Policy analysts arguing that US income inequality hasn’t changed much equate the estimated value of government programs to the low-income people with the salaries and capital gains for those with higher incomes. This article is a reminder that many government benefits cancel each other out and are much harder to access for people at the bottom of the economic pyramid than income for those at the top.
“These are the strongest set of workplace heat protections in the United States. They were not put in place by local, state or federal regulators, but by the workers who spent years organizing to push companies to adopt them.
“Created in 2011 by the Coalition of Immokalee Workers, a nonprofit that represents farmworkers, the Fair Food Program (FFP) certifies farms that follow a strict set of workplace safety rules. In exchange, participating farms are first in line to sell their wares to 14 big produce buyers that include Walmart, Trader Joe’s, Whole Foods and McDonald’s…
“Every year, the organization sends auditors to participating farms, where they interview at least half the workers about labor conditions. So far, organizers say they’ve done more than 30,000 interviews. Auditors also check companies’ payroll records for evidence of wage theft.
“That’s more oversight than most government regulators can manage. The Occupational Safety and Health Administration, which has 1,850 inspectors for 130 million U.S. workers, can’t inspect every job site every year. Last year, it conducted 34,267 inspections for the country’s 6 million employers.”
“For Vázquez, the solution involves both legal obligations and tax incentives. But she stresses, ‘When things are banned, that doesn’t mean the need for the product has gone … so bans have to be accompanied with reflections on how to meet the need.’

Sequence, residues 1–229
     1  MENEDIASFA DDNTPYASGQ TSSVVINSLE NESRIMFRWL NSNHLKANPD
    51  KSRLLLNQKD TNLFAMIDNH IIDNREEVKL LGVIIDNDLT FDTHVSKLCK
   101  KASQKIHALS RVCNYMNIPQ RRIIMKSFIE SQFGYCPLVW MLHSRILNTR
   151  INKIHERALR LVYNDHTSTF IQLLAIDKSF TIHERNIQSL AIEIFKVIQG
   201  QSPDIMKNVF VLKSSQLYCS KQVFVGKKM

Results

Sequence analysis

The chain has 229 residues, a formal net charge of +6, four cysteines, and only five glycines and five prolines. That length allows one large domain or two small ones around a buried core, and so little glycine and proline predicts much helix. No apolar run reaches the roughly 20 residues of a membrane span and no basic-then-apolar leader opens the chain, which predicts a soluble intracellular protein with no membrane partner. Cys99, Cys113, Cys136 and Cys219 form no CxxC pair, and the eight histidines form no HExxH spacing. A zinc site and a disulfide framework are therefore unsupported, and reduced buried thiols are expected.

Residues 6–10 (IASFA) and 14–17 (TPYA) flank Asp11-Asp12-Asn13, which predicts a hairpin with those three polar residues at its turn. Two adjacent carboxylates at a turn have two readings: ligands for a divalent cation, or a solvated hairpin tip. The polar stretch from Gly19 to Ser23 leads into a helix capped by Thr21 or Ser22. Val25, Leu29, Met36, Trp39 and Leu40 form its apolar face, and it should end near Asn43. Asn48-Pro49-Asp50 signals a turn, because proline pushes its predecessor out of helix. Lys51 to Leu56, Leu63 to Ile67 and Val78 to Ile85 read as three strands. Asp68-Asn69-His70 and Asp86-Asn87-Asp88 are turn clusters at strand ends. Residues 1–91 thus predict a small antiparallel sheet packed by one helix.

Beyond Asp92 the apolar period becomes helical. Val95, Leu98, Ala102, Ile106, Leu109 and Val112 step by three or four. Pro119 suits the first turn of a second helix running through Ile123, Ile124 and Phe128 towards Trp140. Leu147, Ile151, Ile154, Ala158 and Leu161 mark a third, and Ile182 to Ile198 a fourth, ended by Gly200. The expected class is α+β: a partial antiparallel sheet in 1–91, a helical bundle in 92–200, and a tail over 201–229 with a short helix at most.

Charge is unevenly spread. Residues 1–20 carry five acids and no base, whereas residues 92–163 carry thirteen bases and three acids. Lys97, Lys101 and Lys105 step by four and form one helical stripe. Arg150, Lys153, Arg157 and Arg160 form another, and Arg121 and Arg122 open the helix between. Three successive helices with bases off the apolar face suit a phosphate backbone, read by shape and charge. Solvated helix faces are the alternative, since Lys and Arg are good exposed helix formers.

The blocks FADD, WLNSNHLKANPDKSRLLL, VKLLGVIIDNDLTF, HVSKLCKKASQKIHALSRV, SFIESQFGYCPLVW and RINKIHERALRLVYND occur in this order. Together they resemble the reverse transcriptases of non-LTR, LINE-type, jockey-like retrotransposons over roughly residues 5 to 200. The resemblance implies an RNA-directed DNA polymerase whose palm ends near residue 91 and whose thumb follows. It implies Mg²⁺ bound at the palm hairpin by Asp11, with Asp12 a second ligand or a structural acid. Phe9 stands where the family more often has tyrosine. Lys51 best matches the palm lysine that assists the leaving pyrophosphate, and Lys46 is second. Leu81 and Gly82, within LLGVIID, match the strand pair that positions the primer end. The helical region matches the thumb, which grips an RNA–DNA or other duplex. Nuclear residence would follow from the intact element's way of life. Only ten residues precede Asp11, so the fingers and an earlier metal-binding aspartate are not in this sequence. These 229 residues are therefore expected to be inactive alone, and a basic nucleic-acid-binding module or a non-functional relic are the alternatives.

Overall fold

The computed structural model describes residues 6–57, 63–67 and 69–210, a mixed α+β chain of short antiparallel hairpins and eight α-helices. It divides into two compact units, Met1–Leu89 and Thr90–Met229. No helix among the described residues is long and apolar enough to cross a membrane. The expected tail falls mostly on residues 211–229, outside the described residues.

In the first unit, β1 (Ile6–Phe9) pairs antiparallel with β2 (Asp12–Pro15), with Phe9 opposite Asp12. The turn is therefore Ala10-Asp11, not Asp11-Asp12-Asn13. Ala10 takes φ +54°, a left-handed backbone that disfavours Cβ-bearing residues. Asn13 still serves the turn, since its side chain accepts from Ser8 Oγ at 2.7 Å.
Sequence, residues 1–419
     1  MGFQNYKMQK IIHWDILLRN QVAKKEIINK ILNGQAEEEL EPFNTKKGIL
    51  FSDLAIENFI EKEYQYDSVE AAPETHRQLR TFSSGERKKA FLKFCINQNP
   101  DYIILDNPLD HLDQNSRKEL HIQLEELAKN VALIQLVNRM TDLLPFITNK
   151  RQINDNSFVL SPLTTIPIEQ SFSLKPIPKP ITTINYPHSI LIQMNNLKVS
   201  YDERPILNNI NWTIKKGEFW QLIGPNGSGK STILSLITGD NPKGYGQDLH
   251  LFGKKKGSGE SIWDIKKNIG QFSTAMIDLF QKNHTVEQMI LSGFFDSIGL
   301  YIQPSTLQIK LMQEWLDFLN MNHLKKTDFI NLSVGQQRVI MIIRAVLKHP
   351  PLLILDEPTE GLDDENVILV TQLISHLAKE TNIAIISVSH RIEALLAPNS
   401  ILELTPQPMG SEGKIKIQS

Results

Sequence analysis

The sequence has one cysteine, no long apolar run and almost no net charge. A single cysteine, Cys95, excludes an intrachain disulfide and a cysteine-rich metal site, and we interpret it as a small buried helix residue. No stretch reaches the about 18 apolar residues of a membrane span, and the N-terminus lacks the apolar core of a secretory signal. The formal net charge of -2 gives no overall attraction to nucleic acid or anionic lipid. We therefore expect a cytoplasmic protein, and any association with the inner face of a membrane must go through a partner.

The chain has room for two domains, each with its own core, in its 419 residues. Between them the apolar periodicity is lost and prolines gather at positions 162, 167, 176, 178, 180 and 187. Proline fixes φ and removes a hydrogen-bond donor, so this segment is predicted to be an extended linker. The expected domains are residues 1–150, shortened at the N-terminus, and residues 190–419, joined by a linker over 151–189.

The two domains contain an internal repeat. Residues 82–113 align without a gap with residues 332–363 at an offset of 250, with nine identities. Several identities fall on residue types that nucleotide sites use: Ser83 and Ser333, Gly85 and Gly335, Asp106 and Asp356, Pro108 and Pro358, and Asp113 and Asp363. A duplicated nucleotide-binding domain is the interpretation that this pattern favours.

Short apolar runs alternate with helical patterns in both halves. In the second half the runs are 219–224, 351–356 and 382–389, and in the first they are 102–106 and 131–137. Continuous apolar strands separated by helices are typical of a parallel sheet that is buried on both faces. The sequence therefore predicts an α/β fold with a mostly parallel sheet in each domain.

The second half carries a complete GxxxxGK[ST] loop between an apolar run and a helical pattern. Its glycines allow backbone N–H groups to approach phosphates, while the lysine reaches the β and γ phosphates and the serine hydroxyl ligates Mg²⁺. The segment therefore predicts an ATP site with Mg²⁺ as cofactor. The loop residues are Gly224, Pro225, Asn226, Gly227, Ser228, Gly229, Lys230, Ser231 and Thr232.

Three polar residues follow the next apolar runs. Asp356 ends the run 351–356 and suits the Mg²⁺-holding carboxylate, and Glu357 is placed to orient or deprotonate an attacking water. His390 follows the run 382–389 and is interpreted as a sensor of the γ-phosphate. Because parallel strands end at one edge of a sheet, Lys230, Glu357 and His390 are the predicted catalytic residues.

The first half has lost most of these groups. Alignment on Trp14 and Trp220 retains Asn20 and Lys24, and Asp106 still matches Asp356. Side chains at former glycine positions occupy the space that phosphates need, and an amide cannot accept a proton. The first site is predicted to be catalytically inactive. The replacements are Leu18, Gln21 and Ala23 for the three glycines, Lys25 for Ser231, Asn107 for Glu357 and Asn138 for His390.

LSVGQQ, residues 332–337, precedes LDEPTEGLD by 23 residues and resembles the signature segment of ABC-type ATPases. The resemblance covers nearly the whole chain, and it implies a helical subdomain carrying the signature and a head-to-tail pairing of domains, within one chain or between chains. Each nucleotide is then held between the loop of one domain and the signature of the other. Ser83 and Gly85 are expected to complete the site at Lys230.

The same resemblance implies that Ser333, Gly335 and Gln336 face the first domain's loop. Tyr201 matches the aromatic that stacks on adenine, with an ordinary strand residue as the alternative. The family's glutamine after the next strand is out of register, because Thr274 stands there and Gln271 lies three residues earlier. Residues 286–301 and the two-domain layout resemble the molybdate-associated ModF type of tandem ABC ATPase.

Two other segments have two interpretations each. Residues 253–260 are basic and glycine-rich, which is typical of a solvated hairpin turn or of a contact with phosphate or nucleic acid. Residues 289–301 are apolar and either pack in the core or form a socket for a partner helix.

“‘Producers (of plastics) have to be held responsible, and as the Global North has greater liability, it has to contribute to the solutions proportionately,’ said Leopold.”
As with life expectancy, there is a linear relationship between access to a university education and income in the United States.
“The most striking fact about the increase of inequality in the United States is the collapse of the share of total national income going to the bottom 50 percent, which fell from about 20 percent in 1980 to a little more than 12 in 2018. Such a dramatic collapse from an already low level can only be explained by a multiplicity of factors. One such factor was the sharp decrease in the federal minimum wage (in real terms) since 1980. Another was significant inequality of access to education. It is striking to discover the degree to which access to a university education in the United States depends on parental income.”
– excerpt from Thomas Piketty’s Capital and Ideology.
“Depending on who’s doing the estimating, America is short anywhere from 2 million to 6 million homes. If you’ve tried to buy or rent a place in the past year, or you know anyone who has, then you didn’t need me to tell you that. Hardly anything’s on the market, and none of us can afford what is. The question is: Why?”